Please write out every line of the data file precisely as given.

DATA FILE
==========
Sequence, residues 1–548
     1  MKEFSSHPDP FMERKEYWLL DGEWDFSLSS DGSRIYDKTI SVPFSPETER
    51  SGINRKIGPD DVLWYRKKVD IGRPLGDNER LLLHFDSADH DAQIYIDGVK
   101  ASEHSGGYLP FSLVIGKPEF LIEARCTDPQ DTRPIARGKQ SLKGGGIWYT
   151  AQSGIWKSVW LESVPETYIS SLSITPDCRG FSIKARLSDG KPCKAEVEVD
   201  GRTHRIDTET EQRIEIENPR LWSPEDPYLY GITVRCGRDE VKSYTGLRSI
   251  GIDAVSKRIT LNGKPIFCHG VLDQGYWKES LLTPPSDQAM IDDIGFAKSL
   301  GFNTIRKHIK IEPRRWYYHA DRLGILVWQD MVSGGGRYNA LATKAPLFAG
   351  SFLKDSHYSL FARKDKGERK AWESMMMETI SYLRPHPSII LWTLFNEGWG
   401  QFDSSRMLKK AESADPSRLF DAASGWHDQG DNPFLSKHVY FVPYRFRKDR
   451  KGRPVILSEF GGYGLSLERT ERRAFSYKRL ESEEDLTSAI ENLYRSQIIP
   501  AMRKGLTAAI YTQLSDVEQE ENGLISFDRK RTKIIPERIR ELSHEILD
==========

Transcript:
Sequence, residues 1–548
     1  MKEFSSHPDP FMERKEYWLL DGEWDFSLSS DGSRIYDKTI SVPFSPETER
    51  SGINRKIGPD DVLWYRKKVD IGRPLGDNER LLLHFDSADH DAQIYIDGVK
   101  ASEHSGGYLP FSLVIGKPEF LIEARCTDPQ DTRPIARGKQ SLKGGGIWYT
   151  AQSGIWKSVW LESVPETYIS SLSITPDCRG FSIKARLSDG KPCKAEVEVD
   201  GRTHRIDTET EQRIEIENPR LWSPEDPYLY GITVRCGRDE VKSYTGLRSI
   251  GIDAVSKRIT LNGKPIFCHG VLDQGYWKES LLTPPSDQAM IDDIGFAKSL
   301  GFNTIRKHIK IEPRRWYYHA DRLGILVWQD MVSGGGRYNA LATKAPLFAG
   351  SFLKDSHYSL FARKDKGERK AWESMMMETI SYLRPHPSII LWTLFNEGWG
   401  QFDSSRMLKK AESADPSRLF DAASGWHDQG DNPFLSKHVY FVPYRFRKDR
   451  KGRPVILSEF GGYGLSLERT ERRAFSYKRL ESEEDLTSAI ENLYRSQIIP
   501  AMRKGLTAAI YTQLSDVEQE ENGLISFDRK RTKIIPERIR ELSHEILD